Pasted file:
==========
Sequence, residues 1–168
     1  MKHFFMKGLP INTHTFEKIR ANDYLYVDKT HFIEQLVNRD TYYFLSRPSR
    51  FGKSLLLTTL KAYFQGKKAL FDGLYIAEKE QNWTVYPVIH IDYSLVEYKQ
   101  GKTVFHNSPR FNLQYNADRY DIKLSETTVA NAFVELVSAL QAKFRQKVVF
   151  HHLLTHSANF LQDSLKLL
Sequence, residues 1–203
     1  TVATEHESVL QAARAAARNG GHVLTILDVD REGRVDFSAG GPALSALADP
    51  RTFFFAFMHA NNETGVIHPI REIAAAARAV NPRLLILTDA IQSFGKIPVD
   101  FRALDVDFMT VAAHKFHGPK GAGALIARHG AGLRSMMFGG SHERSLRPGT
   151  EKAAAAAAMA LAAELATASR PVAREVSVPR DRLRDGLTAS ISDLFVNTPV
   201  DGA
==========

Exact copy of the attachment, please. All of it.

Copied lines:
Sequence, residues 1–168
     1  MKHFFMKGLP INTHTFEKIR ANDYLYVDKT HFIEQLVNRD TYYFLSRPSR
    51  FGKSLLLTTL KAYFQGKKAL FDGLYIAEKE QNWTVYPVIH IDYSLVEYKQ
   101  GKTVFHNSPR FNLQYNADRY DIKLSETTVA NAFVELVSAL QAKFRQKVVF
   151  HHLLTHSANF LQDSLKLL
Sequence, residues 1–203
     1  TVATEHESVL QAARAAARNG GHVLTILDVD REGRVDFSAG GPALSALADP
    51  RTFFFAFMHA NNETGVIHPI REIAAAARAV NPRLLILTDA IQSFGKIPVD
   101  FRALDVDFMT VAAHKFHGPK GAGALIARHG AGLRSMMFGG SHERSLRPGT
   151  EKAAAAAAMA LAAELATASR PVAREVSVPR DRLRDGLTAS ISDLFVNTPV
   201  DGA